MONA is transforming Hobart. This is a big statement, particularly because its full impact may not be felt for some years to come, but it’s a sentiment you’ll hear from countless people in the Tasmanian capital. Ben Morgan reports
It’s not just a museum, or art gallery, it’s a sassy injection of punk-like attitude – described to me by one local as “arsey” – into Australia’s second-smallest capital city. At no time is that more evident than during the ‘MOFO’ festivals. The summer festival started four years ago, but 2013 is the first time the museum, and its eccentric owner and passionate staff, has instigated a winter festival – DARK MOFO. The celebrations acknowledge Hobart as the city with the longest night (due to its latitudinal position), taking advantage of this ‘darkness’ with 11 days of avant-garde lighting, music, art and food events across the city.
“We have engaged the entire city with a large-scale, public artwork titled ‘spectra [tasmania]’ by Ryoji Ikeda,” says DARK MOFO Creative Director, Leigh Carmichael. “We’ll also capture the imagination again through works like ‘Skywhale, bit.course and white beam’, but also the more community-minded events like ‘winter feast, nude swim’, ‘MONA till midnight’ and Ian Burns’ ‘Afloat Asunder at TMAG’.”
Walking around the city on the opening weekend, it’s clear that MONA has ‘come ashore’ – though technically part of the island, the MONA ROMA ferry ride gives the impression of it being separated by the sea. It’s wonderful to see a city – which, at the best of times, can be rather quiet – come to life after dark with people of all ages coming out in the bitter cold and driving rain to enjoy the festivities.
‘spectra [tasmania]’ by Ryoji Ikeda
Contained in the large wharf sheds are two of the hubs of the festival, MAC1 and MAC2. MAC1 houses several lighting and multimedia installations which will truly make you think and explore art in an immersive way. Zee by Austrian artist, Kurt Hentschläger, is an unbelievable experience and one not to be missed. But this space is also a gathering place, with heaters, couches and pool table creating a homely atmosphere for people to meet and enjoy a beer or a warm cider. MAC2 is being used as a live music venue, where the Presets and Hermitude have already pleased the throngs over the weekend and countless other local and international artists are bound to impress in the days to come.
The Vivid festival in Sydney has shown that Australians really can come out in Winter – despite many years of hibernation in the coldest months. But Dark Mofo is something else. The aim seems not just to get people out but also to get them engaging with their city in a critical sense. MONA’s mastermind, David Walsh, doesn’t want visitors to just swallow what they’re fed, he wants them to question it, to point out its flaws and call it on its “wank”.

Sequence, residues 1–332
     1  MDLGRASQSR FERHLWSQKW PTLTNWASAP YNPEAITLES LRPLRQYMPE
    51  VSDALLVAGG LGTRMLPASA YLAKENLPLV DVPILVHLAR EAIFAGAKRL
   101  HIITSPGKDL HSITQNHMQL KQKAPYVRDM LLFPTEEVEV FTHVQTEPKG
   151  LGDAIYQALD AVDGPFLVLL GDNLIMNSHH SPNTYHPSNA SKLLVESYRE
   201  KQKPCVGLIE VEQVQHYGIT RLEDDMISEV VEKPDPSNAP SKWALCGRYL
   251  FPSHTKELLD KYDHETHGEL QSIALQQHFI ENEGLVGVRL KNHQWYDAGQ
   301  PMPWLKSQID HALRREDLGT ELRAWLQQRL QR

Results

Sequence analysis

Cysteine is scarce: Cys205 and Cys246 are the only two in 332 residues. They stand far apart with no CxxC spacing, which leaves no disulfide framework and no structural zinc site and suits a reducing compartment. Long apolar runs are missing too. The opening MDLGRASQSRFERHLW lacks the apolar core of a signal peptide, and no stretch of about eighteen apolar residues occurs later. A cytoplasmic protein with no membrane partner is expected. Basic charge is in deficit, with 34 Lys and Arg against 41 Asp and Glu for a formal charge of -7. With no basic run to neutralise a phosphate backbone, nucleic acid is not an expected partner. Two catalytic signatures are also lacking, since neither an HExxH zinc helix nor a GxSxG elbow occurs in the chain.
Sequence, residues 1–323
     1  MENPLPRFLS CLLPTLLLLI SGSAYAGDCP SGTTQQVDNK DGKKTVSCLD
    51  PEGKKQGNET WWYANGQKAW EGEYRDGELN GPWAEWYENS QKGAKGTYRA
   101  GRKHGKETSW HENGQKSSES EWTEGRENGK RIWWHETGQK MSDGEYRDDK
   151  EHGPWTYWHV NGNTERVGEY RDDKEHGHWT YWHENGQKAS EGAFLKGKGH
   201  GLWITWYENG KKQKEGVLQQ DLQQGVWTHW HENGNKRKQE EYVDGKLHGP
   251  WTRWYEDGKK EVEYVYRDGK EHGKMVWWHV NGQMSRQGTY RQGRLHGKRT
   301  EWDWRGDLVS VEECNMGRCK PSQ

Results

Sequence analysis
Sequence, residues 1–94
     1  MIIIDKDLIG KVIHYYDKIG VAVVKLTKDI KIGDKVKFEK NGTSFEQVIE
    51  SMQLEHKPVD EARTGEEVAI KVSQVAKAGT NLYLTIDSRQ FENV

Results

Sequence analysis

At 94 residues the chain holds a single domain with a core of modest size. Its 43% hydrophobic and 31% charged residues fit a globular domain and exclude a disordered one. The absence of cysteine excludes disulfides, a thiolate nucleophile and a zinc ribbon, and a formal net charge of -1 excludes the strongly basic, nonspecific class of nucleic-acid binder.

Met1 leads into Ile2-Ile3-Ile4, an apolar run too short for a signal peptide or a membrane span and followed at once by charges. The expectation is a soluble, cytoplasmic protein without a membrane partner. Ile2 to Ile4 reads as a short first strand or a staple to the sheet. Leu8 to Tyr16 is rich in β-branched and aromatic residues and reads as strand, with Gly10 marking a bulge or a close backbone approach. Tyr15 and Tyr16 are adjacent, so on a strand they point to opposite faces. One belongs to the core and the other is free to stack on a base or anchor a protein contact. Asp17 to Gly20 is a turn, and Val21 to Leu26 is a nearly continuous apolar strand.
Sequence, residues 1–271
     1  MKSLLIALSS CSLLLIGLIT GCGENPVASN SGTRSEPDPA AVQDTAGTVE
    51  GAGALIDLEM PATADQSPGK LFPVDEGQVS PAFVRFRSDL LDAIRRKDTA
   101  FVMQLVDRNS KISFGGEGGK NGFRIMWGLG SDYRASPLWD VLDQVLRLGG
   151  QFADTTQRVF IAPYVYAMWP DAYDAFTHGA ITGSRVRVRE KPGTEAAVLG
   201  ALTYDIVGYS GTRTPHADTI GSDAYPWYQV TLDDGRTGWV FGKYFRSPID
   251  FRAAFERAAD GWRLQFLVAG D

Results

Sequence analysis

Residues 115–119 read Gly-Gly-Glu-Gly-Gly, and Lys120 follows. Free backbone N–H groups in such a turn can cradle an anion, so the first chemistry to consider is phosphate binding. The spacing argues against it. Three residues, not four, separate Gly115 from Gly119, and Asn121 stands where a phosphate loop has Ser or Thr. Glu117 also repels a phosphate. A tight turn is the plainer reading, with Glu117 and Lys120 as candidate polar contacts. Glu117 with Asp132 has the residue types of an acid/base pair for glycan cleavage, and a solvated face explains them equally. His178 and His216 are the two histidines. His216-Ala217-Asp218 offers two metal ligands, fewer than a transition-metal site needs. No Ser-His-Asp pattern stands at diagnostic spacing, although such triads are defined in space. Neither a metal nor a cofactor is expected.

Leigh Carmichael, Creative Director, DARK MOFO
In conjunction with Hobart City Council, the event is encouraging locals and visitors to embrace the city; with the upcoming winter feast (June 20 – 22), featuring some of the country’s top chefs and local produce, they’re undoubtedly promoting a more European approach to enjoying winter. The festival will also see the launch of the latest MONA exhibition, ‘The Red Queen’, with installations and works from over 45 artists from across the spectrum.
Reminding locals that there’s something a little different going on in the city, the MOFO team also devised the idea of ‘painting the town red’ – red being the assigned colour of the festival. “We have worked with the tourism industry to ‘paint the town red’, and it seems to be catching. Almost 30 venues are on board and the public are taking photos and congratulating them on social media for getting involved. Not often the public thank hotels,” Carmichael remarks.
“Hobart doesn’t need to be Melbourne or Sydney, and there’s no chance anyway, so it’s a redundant statement,” Carmichael says, “but I think continual transformation, whether it be a city or a society, is of utmost importance for our wellbeing. Creativity is at the heart of pushing boundaries, looking for new ideas and ways to be, so I guess, it therefore must be central to any meaningful transformation.”
There is a feeling that creativity and cultural capital may present the way forward, not just for Hobart, but for all our cities. It is certainly a city in a state of change. It’s hard to know exactly where it is going, or how it will get there, but to miss out on being a part of it would be criminal, or negligent at the least.
The festival runs until 23 June, while the new Red Queen Exhibition at MONA runs until April 21 2014.